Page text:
George R. Boggs is president and CEO emeritus of the American Association of Community Colleges and superintendent/president emeritus of Palomar College in California. He is a clinical professor in Community College Leadership for the Roueche Graduate Center of National American University and an adjunct professor of Community College Leadership for San Diego State University.

This article is the continuation of a series authored by principals involved in National American University’s Roueche Graduate Center, and other national experts identified by the Center. Drs. John E. Roueche and Margaretta B. Mathis serve as editors of the monthly column, a partnership between NAU’s Roueche Graduate Center and Community College Week. For additional information send emails to mbmathis@national.edu or, call 512-813-2300.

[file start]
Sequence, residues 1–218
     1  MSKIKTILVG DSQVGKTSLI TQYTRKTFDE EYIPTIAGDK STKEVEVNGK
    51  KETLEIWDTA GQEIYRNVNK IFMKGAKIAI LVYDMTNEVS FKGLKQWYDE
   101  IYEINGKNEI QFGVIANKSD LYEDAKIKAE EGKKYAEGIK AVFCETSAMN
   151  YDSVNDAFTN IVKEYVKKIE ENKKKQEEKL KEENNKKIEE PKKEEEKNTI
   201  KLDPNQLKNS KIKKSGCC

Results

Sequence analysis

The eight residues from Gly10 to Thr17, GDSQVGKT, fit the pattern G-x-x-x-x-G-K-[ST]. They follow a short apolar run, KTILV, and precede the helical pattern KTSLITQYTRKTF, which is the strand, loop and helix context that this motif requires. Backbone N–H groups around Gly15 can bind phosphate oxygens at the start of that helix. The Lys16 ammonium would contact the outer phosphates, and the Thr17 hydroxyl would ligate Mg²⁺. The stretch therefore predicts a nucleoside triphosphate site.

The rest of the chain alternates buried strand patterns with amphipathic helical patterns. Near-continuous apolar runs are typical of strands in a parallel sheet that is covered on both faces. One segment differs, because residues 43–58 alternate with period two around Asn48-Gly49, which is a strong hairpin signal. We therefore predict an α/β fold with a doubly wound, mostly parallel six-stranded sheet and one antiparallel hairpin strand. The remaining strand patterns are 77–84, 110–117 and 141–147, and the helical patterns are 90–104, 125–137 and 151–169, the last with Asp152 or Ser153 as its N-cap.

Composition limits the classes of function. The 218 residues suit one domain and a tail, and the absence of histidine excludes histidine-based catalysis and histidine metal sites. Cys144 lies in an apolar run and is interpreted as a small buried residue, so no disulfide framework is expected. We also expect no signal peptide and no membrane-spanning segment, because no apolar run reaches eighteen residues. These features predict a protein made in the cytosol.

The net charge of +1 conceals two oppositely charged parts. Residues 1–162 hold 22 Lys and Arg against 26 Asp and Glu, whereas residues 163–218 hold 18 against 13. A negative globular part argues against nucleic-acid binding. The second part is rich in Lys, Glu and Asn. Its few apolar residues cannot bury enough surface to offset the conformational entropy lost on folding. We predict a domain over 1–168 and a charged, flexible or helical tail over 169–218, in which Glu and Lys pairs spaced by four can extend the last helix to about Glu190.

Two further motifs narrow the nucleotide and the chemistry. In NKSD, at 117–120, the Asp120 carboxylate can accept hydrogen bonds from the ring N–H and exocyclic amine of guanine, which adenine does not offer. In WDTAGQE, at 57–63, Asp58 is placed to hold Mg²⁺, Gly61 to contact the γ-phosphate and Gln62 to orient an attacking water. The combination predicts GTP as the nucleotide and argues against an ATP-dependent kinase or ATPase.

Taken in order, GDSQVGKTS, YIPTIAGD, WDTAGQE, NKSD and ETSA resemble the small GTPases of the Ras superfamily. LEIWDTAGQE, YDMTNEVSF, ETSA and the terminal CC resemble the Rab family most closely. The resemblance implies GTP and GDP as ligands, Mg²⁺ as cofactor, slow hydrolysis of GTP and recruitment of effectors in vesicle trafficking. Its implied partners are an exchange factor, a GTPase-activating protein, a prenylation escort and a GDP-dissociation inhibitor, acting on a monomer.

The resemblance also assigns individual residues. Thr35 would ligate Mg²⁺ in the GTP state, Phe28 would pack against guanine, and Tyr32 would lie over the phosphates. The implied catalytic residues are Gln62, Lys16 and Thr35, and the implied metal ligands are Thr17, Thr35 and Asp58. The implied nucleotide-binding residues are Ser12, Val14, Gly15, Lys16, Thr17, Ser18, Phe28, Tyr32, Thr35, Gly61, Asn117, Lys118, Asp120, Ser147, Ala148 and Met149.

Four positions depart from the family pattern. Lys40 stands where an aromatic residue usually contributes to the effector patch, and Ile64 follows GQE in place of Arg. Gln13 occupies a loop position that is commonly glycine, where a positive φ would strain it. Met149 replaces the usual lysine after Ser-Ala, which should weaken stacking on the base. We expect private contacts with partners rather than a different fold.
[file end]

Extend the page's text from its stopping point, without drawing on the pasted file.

Also from George R. Boggs, CEO Emeritus, American Association of Community Colleges